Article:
> I have 2 pewter tankards dated 1877. They are quite seriously tarnished.
Pewter isn't generally considered to "tarnish" (as silver does), but rather to "patinate". The difference is like garden weeds: a weed is just a flower in the wrong place. Patina on pewter is an even grey that is generally considered to be an inherent part of pewter's appearance. It would be remarkable to try to change this at all, once formed.
Pewter doesn't usually tarnish, unless it has some sort of spill upon it. Jugs used for flowers are the usual culprits.
Pewter may also be dirty. It might certainly want cleaning.
It's also possible that they're not pewter, but silver (or plate) and this silver has become so badly tarnished as to look like pewter! It's not common, but it's a great find when you do get one. So check the maker's marks, touchmarks or even a hallmark.
> Should I clean them? If so what with?
I would be amazed if removing the patina was appropriate.
If you care about these pieces, first acquire some charity shop teapots and practise. If you're lucky, you might even turn up a Tudric or something that's worth selling afterwards. BTW - charity shop tankards are usually modern, a different alloy and don't handle in a very similar way.
Cleaning can be done with a range of powerful chemistry, but just avoid mechanical abrasion. Pewter is soft, so even rubbing with a coarse cloth will affect that patina on edges or fine detail. If the pewter has any sort of surface texture, be very careful with it. You should also try to identify what the staining is, and choose your weapons accordingly.
If it's organic (i.e. oily) grime, then start with organic solvents. The old favourites of isopropanol, acetone, liquid lighter fuel, sticky label remover, brake cleaner and carburettor cleaner aerosols are all useful (in much that order). Work with cotton wool makeup pads. Don't use a cloth, because cloths get pulled tight and tight abrasives round over corners and destroy detail.
If it's cheap stuff in bulk, then just dishwash them! Finish (not Persil) does a decent job. Watch out for wooden, ivory or early plastic knobs and handles though.
Ultrasonic cleaning is a good technique for brooches, badges and small stuff small enough to submerge in your cleaner. Don't semi-immerse big pieces or you'll get tidemarks.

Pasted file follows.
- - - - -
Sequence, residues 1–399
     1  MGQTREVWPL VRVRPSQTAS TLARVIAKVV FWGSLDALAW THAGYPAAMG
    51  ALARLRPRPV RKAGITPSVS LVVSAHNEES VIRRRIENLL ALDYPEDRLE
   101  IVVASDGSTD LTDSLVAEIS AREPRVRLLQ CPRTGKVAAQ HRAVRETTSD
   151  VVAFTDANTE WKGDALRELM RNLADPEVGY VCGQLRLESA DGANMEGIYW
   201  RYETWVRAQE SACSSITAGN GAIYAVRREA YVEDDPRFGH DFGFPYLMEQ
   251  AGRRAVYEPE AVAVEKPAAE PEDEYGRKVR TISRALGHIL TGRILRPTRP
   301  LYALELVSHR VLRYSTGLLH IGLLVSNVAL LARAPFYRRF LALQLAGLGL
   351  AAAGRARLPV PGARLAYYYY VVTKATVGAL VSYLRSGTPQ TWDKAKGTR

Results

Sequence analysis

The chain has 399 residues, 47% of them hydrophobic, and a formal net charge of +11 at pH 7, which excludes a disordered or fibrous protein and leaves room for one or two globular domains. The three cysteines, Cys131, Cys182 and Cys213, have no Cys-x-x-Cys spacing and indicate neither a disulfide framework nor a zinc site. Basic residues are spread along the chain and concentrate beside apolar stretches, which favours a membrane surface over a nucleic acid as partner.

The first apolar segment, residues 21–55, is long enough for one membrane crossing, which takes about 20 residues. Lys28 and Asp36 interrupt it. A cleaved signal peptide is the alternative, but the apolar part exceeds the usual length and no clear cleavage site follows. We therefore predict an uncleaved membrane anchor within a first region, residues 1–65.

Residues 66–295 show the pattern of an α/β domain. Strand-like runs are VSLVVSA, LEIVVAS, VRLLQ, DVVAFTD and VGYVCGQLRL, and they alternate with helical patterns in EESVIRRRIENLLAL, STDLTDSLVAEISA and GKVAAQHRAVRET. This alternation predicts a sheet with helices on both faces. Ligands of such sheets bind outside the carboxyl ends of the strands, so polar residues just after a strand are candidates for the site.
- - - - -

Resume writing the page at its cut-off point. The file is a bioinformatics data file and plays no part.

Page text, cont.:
Limescale-like staining can be shifted with a range of chemicals, from steradent tablets, through perborate laundry bleaches (i.e. "oxygen" bleaches as white powders, rather than chlorine or hypochlorite bleaches), up to sulphamic acid based kettle descaler. You can also have a dental hygienist take a go at it, because their Air-flow machines (miniature bicarbonate of soda sandblasters) are great for this.
If all else fails, there's oxalic acid, aka Barkeeper's Fiend. Dead handy, but it'll trash a lot of the patina. For use when it's bright green with copper verdigris from something else and the alternative is a mechanical repolishing.
Strong alkaline cleaners, like the old Mr Muscle (no longer available) used to have their place here too, although don't say I didn't warn you to test and practice beforehand. Alkalis are a good way to attack particularly recalcitrant greasy stuff.
This is about the point when you transition from cleaning to repolishing. Repolishing is always bad in antiques, because it removes material that can't be replaced. The difference between a museum and an antique shop is that a museum will go to insane lengths to avoid this, but an antique shop wants a one-off restoration for "Shiny now!" and to just get it out of the door. Afterwards is not their problem.
Repolishing pewter is dead easy, as it's an easy metal to work with. Repolish with the softer end of the usual jeweller's abrasives, finishing up with tripoli powder. You might even use heavyweight abrasives like fine Garryflex blocks or 3M / Webrax scourer pads, but that's pretty heavy-handed and won't do inscriptions any favours. Modernist pewter might have scratch-brushed or matted surfaces, for which you use a nickel wire brush (use the right brush!), but not this sort of piece.
By this point, the surface is also "active" and is very sensitive to staining, before a future patina develops. Only handle it with cotton or vinyl gloves.
If you want to preserve the "as cleaned" look as much as possible, then wax polish it afterwards with Renaissance Wax (_not_ any other wax polishes) and don't handle it.